The Preacher confessed how God’s works will endure forever, without addition or elimination; God has made the creation thus to give mankind reason to fear and revere Him (Ecclesiastes 3:14). And God’s gift to mankind is life (Ecclesiastes 3:13). God has not given us the pretensions of the institutions, powers, and principalities over this present darkness; God has not given us the delusions of eternal satisfaction of pleasure, wisdom, or labor. But God has given us the ability to enjoy the creation He has made, to eat and drink, and to find some enjoyment in the work we do (Ecclesiastes 3:12-13).

The Preacher again devastates human pretension. No matter how much effort we put into this creation, we cannot add to or take away from it. There is as much created stuff at the end as there was in the beginning; we may have changed its form, eliminated life, built up the things we call “development,” but it is all still made of the basic elements of the creation which God has made. When it is all said and done, God will purge it by fire and reconstitute it all according to His good plan and purpose (Romans 8:18-25, 2 Peter 3:1-13). We remain part of the life cycle of this planet; we have not withdrawn ourselves from it, and we never will. Here the Preacher affirmed, in his own way, what Paul would set forth in Romans 1:18-20: the creation testifies to its Creator. We should fear and revere God because He made it all, we are merely part of the system He created, and we cannot find any lasting form of meaning or purpose outside of Him. If we try to find meaning or purpose in His creation, we give the glory due the Creator to His creation, and He will give us over to such debased thinking, and we will prove miserable (cf. Romans 1:25).

Thus we can strive for what endures forever through what God has done in Christ. But when it comes to life under the sun, we do best to “stop and smell the roses.” The “little things” we can enjoy in life remain the only joys we can fully expect to enjoy. We should enjoy the warmth of the sun and the majesty of what God has made. We should enjoy the taste of the food and drink with which God has blessed us. We should rejoice, cherish, and laugh with our family, friends, and associates with whom we share life. We need to find what we can enjoy in our labor and effort so as to make it worthwhile. The “little things” are ephemeral indeed. Yet so are we! Let us enjoy what God has given us to enjoy in His creation, and may we invest our hopes of eternity in His Son, the Lord Jesus Christ, and obtain the resurrection of life in Him!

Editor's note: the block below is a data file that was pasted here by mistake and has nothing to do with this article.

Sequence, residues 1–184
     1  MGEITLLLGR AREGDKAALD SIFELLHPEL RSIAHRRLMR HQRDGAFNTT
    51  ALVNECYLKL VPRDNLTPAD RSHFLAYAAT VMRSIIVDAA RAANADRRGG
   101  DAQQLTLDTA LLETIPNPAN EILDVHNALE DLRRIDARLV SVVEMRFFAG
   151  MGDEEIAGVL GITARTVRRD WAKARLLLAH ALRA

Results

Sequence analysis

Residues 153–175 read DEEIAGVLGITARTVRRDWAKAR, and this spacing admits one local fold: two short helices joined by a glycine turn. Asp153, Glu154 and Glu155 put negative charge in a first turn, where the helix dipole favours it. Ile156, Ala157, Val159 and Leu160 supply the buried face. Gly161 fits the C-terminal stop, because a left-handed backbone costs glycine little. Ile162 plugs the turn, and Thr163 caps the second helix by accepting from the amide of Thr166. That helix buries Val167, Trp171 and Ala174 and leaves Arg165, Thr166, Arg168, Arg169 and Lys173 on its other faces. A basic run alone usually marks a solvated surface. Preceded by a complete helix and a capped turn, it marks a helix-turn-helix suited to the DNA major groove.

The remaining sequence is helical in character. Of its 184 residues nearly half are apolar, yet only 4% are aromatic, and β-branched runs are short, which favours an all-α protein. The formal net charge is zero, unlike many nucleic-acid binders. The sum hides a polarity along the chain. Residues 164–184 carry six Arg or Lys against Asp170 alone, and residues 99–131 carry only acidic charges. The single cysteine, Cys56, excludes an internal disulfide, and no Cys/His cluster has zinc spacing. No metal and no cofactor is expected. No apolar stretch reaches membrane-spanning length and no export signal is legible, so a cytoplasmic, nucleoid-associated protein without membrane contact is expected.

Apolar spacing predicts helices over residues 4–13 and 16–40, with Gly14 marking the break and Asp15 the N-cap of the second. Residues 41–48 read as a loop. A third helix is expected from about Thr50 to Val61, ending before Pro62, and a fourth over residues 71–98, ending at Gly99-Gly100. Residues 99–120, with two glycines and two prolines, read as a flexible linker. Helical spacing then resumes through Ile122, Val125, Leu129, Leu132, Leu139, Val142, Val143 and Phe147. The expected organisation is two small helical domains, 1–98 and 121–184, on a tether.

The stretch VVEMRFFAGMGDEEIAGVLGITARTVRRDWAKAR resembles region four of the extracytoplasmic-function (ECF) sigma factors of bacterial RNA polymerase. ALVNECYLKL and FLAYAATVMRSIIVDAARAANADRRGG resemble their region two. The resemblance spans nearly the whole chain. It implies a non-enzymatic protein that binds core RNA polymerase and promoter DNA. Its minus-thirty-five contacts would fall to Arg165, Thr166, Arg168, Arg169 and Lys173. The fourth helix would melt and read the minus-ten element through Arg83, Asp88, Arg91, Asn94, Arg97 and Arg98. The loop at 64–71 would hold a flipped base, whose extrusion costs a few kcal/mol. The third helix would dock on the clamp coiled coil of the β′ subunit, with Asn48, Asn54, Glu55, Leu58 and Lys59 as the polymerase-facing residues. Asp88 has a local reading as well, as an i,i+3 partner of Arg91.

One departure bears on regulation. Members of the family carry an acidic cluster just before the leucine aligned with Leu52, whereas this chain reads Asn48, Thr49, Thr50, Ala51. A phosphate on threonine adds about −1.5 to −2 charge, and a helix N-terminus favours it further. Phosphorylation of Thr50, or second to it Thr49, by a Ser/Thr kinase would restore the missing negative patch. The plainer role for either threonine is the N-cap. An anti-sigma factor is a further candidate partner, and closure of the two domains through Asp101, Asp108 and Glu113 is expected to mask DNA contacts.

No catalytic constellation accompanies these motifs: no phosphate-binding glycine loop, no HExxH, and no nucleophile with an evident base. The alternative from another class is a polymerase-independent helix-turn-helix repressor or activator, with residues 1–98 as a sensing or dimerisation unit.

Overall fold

Ethan R. Longhenry

God’s Work, Man’s Work | The Voice 12.25: June 19, 2022

A Time For Everything | The Voice 12.20: May 15, 2022

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The Voice

A Time For Everything

For everything there is an appointed time, and an appropriate time for every activity on earth: a time to be born, and a time to die; a time to plant, and a time to uproot what was planted; a time to kill, and a time to heal; a time to break down, and a time to build up; a time to weep, and a time to laugh; a time to mourn, and a time to dance. A time to throw away stones, and a time to gather stones; a time to embrace, and a time to refrain from embracing; a time to search, and a time to give something up as lost; a time to keep, and a time to throw away; a time to rip, and a time to sew; a time to keep silent, and a time to speak. A time to love, and a time to hate; a time for war, and a time for peace (Ecclesiastes 3:1-8).

Some messages remain entirely non-controversial yet controversial all at the same time.

The Preacher in Jerusalem has set forth his thesis: everything is hevel: a vapor, futile, absurd (Ecclesiastes 1:1-2). What has been will be; everything is cyclical; there is nothing new “under the sun”; all work done “under the sun” is a chasing after wind (Ecclesiastes 1:3-18). The Preacher knew people would protest such things, and so he explored in greater depth three aspects of life in which people invest great meaning: pleasure, wisdom, and labor, and saw how the end of all remains futile and a chasing after wind (Ecclesiastes 2:1-26).

The Preacher then turned to set forth what might seem to be a relatively straightforward reflection on reality: for everything there is a time and a season on earth (Ecclesiastes 3:1). He then provided a series of contrasts: birth and death, planting and uprooting, killing and healing, breaking down and building up, weeping and laughing, mourning and dancing, tearing down and building up, intimacy and withdrawal, searching and not finding, keeping and throwing away, ripping and sewing, silence and speech, love and hate, war and peace (Ecclesiastes 3:2-8).

How many times have we read this list, affirmed it, and continued our reading without much fanfare? After all, such is life. We were born; we will die. We plant sometimes; sometimes we have to uproot. We live in times of peace; we see times of war. The Preacher spoke accurately.